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New Species Expected in Census of the Sea

Volunteers Melissa and Elsa Temples collect marine samples as participants in 2019 Texas BioBlitz. Photo Courtesy Kelley Savage

Scientists expect to find new species in the waters of the Texas Gulf Coast as part of a census of the sea being conducted by the University of Texas Marine Science Institute. The marine-life census is the first of its kind on the Coastal Bend.

"The BioBlitz campaign will greatly expand our knowledge of what is living beneath the water and give us a powerful new tool to understand how the bays are changing," said lead scientist Dr. Ed Buskey, UTMSI Professor and Research Coordinator at the Mission-Aransas Reserve.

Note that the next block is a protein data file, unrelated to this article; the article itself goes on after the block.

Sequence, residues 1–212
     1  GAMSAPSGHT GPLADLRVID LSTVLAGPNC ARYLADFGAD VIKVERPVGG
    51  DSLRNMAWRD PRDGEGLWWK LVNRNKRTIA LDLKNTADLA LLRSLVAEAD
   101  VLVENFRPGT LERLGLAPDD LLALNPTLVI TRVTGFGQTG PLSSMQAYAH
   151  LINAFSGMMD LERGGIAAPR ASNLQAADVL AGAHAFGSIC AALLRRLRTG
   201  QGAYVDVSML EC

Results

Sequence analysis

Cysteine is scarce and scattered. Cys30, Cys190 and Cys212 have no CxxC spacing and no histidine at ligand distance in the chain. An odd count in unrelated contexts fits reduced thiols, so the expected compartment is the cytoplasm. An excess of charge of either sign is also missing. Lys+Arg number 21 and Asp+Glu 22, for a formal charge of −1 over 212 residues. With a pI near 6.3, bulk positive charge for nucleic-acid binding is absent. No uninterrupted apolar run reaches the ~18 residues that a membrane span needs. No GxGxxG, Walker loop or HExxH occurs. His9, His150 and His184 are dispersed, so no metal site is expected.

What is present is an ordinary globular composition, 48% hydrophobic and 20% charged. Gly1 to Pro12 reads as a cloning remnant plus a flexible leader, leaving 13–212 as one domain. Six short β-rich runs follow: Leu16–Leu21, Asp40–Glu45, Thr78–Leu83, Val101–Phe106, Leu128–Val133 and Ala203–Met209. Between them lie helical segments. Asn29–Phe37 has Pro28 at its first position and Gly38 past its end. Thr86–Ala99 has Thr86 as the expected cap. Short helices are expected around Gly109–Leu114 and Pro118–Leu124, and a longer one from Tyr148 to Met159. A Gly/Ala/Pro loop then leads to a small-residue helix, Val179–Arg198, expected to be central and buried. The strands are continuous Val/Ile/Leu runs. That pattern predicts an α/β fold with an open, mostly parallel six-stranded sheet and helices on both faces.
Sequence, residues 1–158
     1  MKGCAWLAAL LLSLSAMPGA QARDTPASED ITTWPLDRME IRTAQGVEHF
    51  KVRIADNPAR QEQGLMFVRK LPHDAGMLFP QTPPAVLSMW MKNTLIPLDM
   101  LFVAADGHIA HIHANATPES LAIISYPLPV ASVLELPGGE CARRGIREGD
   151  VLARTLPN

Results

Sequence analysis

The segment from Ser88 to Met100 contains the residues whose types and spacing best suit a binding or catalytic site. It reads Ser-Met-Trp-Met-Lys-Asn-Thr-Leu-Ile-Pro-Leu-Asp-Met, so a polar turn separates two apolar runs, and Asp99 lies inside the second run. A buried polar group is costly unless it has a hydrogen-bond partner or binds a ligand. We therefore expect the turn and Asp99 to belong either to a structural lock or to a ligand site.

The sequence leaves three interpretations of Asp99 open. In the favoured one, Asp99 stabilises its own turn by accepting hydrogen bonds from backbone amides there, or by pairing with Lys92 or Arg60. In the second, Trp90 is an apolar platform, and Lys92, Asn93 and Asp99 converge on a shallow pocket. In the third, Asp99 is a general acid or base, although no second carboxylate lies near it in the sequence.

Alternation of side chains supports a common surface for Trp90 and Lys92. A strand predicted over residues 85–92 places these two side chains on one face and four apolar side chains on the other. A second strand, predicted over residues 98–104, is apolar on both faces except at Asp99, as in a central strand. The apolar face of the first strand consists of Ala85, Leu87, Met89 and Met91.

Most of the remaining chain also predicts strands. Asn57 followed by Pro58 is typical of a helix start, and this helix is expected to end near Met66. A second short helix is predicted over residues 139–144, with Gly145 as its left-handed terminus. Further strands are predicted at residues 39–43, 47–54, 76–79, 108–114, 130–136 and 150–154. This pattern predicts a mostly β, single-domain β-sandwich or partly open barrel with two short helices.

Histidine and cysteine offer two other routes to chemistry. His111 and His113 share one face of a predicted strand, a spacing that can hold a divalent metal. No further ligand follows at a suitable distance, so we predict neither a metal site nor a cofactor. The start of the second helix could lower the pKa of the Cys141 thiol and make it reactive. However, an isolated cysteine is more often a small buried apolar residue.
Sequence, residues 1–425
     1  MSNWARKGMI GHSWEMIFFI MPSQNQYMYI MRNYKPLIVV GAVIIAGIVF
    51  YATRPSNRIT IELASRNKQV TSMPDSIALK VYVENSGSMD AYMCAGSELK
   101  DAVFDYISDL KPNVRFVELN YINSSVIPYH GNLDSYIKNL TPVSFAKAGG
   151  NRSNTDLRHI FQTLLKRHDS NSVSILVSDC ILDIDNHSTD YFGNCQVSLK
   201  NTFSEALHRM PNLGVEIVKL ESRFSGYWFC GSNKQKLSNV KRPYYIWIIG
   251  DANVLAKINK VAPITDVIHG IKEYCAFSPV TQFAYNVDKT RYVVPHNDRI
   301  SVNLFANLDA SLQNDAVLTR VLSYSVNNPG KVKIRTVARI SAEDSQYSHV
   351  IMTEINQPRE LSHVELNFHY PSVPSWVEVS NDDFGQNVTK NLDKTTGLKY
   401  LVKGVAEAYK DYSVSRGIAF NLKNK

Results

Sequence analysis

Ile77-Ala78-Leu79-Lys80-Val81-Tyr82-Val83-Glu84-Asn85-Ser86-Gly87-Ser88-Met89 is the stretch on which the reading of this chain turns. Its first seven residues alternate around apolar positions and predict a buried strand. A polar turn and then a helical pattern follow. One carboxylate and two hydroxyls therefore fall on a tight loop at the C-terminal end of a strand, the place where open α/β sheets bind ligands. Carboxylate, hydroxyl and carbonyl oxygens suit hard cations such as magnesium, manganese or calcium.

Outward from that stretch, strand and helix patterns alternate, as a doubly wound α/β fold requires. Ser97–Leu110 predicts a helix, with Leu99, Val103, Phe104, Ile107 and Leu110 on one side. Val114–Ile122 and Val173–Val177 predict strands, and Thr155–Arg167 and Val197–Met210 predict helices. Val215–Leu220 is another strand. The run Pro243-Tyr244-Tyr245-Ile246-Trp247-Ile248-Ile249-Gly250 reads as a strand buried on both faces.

The goal of the 2019 Texas BioBlitz, which is part of a study by the Smithsonian’s Marine GEO BioBlitz, is to build a data base that can be used to informed management of the wildlife in the Gulf of Mexico. Sampling will take place over two weeks during the summer, concentrating on three separate estuaries: the Upper Laguna Madre, Oso/Corpus Christi Bay, and Aransas Bay.

“A unique aspect of this event, and this study region, is the incredible diversity of habitats that shift along the Texas coastline,” said Chris Patrick, assistant professor of life sciences at TAMUCC. “We have an enormously powerful climate gradient that drives changes in ecosystem structure and function, making this region a natural climate change laboratory in many ways.”

Samples are being collected by a large team of volunteers working with experts. Specimens are taken back to laboratories at Texas A&M University Corpus Christi and UTMSI for identification. A unique DNA barcode is produced and linked to each species detected.

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